Is This the Greatest Judge You've Never Heard Of?

By Casey C. Sullivan, Esq. on March 29, 2017 | Last updated on February 06, 2023

The legal profession is full of lionized legal minds. Most anyone who attended law school could rattle off a quick canon of great jurists: John Marshall, Learned Hand, Oliver Wendell Holmes, Louis Brandeis, Clarence Thomas, etc. But that list may be missing at least one name, the Sixth Circuit's Judge Damon Keith, who, at 94 years old, still serves on the bench. A new documentary, "Walk With Me: The Trials of Damon J. Keith" shows Keith as both a civil rights hero and a significant legal mind.

Meet Judge Keith

The film tells the tale of Judge Keith's childhood, growing up in Detroit during the height of segregation. He went on to attend West Virginia State College, then earn his J.D. from Howard University and an LLM from Wayne State. He became a civil rights leader and was appointed as a U.S. district court judge in 1967. Ten years later, President Jimmy Carter bumped him up to the Sixth Circuit. Though Keith is not a household name, he's decided several noteworthy cases, including United States v. Sinclair, ruling that Nixon's attorney general had to disclose transcripts from illegal wiretaps. That case made it to the Supreme Court, who ruled that the government could not wiretap citizens without a warrant. The case is known as "the Keith case."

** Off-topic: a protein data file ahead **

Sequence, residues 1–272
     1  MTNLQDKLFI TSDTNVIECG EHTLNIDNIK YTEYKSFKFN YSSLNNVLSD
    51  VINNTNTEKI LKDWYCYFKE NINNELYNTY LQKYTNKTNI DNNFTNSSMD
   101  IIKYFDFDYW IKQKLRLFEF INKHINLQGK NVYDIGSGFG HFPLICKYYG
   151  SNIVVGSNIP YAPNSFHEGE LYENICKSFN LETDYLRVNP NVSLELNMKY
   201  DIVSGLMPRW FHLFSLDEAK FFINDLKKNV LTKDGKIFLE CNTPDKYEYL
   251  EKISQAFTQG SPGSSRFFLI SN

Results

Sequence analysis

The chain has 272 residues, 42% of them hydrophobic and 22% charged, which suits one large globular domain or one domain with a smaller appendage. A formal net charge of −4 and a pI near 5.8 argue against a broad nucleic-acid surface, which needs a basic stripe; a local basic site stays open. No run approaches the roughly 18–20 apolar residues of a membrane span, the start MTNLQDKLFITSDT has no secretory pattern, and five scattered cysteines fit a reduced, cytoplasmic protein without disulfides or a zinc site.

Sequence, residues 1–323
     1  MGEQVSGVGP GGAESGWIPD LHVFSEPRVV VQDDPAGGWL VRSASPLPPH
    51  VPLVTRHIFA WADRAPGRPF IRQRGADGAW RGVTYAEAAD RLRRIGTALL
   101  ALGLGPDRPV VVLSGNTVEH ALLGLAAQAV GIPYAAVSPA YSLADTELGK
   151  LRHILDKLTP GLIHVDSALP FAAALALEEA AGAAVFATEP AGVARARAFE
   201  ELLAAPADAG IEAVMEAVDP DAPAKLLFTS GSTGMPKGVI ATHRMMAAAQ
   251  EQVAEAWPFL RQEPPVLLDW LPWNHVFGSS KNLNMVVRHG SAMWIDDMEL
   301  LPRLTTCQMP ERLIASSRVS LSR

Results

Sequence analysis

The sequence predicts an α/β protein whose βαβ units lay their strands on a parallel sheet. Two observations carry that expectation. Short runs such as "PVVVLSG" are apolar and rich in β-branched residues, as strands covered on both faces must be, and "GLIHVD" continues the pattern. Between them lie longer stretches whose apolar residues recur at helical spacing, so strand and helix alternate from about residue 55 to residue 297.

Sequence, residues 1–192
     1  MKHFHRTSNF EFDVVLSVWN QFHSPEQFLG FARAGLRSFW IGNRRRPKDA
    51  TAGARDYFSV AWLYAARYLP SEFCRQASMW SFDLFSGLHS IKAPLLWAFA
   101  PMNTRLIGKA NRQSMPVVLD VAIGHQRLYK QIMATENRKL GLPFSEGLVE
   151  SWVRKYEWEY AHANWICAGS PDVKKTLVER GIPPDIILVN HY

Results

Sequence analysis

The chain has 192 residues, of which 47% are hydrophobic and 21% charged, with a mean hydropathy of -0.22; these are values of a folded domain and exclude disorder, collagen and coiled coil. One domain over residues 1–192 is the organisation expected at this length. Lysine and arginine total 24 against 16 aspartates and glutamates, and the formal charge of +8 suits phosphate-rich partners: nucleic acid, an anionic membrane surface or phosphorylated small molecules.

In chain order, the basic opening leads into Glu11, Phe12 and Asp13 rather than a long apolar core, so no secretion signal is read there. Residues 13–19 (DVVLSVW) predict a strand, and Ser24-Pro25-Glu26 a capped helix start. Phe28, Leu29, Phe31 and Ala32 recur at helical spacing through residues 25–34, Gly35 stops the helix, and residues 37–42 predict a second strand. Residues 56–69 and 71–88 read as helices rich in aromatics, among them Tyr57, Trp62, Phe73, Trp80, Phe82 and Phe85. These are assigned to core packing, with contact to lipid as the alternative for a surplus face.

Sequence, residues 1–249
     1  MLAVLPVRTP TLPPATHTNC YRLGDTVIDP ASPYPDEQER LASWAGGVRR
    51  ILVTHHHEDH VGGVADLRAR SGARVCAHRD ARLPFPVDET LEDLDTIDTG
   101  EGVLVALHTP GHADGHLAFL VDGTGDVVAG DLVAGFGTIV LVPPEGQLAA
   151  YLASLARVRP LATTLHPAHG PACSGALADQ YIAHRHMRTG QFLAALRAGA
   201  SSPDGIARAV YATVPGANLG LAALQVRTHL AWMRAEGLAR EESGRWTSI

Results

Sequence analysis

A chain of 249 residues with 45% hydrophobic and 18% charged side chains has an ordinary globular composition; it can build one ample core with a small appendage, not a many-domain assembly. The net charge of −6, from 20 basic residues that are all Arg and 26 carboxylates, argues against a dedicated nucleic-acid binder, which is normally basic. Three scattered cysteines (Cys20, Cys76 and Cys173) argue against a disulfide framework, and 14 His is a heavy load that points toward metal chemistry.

Walking With Judge Keith

"Walk With Me," describes Keith's life as "the greatest story you never heard." The film covers Judge Keith's civil rights struggles, his groundbreaking cases, and his impact on Michigan and beyond. Walk With Me: The Trials of Damon J. Keith Official Extended Theatrical Trailer from The Damon Doc on Vimeo. The film is currently screening in Cleveland, as part of the 41st Cleveland International Film Festival and will play throughout New England this April. If you can't make it to Vermont or Ohio, though, you'll have to hope for a wider release. Meanwhile, Judge Keith's time on the bench isn't over yet. He may be nearing his centennial birthday, but he still hears the occasional case. Related Resources:
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